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'Perfect storm' threatens state's elderly population
County-owned Hillcrest Nursing Home is keeping its head above water for now, but a financial tidal wave is on its way.
Nebraska voters’ decision to expand Medicaid, coupled with vows by the governor and like-minded lawmakers to avoid tax increases at all costs mean that the dwindling number of private-pay nursing home residents see their resources drained further.
Once their money is depleted, they may be forced on the Medicaid rolls as well, exacerbating the problem.
As pointed out by Ron Ross of Rural Health Development, the healthcare management company hired to manage Hillcrest, 33 facilities have closed in Nebraska, and they’re currently being paid $34 per resident less by Medicaid than it takes to care for them.
That’s the result of Medicaid rates being reduced 2.65 percent last year, and another 7.17 percent this year. Since about 60 percent of Nebraska nursing home residents are on Medicaid, that’s a big bite out of the annual budget.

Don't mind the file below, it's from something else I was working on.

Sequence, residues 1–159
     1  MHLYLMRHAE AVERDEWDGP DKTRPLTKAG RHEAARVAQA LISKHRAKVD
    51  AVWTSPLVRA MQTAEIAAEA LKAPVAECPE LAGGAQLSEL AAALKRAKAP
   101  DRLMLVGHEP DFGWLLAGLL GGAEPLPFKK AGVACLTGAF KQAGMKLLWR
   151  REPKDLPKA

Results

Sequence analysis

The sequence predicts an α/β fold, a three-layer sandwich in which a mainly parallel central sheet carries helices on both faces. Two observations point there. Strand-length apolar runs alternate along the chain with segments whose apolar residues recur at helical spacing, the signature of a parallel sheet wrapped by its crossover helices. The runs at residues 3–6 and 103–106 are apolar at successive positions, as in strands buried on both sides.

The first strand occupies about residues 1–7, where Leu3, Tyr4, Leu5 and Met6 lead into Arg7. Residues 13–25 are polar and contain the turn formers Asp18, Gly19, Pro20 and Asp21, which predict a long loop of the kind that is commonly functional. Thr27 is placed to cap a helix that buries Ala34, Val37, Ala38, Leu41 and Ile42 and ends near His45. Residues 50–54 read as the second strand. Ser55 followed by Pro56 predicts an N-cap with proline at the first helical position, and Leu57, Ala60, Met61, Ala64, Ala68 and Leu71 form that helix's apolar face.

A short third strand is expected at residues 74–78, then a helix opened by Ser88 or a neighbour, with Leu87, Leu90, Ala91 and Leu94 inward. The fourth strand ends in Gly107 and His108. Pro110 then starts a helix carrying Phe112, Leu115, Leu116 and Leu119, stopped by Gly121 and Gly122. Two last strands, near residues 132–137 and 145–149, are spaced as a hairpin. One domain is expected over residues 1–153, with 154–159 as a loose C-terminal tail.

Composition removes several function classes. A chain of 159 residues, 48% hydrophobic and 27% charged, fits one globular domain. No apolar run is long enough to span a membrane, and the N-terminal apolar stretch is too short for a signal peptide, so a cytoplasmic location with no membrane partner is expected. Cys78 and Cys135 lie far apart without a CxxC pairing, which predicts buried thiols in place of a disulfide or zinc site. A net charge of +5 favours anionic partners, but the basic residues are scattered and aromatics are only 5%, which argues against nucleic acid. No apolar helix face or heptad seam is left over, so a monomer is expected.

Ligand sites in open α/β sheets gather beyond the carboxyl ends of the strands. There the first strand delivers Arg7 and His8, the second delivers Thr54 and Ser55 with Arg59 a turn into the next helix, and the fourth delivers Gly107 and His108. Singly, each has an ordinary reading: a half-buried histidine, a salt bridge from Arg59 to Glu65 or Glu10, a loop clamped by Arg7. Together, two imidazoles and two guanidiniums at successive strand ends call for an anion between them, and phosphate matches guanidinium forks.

To stay afloat, they’re forced to bill private-pay residents upwards of $225 a day, to make up for the $160 a day Medicaid pays for its residents.
While the county did provide a temporary bailout for Hillcrest a few years back, the county-owned facility, for the most part, has been self-supporting over the years, operating on revenue from its residents.
Nursing homes are an important part of many small communities, providing employment and keeping residents closer to their friends and families.
If they are forced to close, those valuable jobs go away and residents are forced to move many miles away from their friends and family.
To educate the public and state senators on the crisis, a live-streaming conference covering all the angles is Tuesday, Dec. 19, at the Lancaster Event Center. Sponsored by RHD, along with Leading Age Nebraska and the Nebraska Health Care Association, the conference will discuss the factors leading up to the current situation and possible solutions. Live streaming can be accessed at nebraskaconversation.com.
We owe it to our elderly residents to make sure they receive the care they need without being forced into poverty.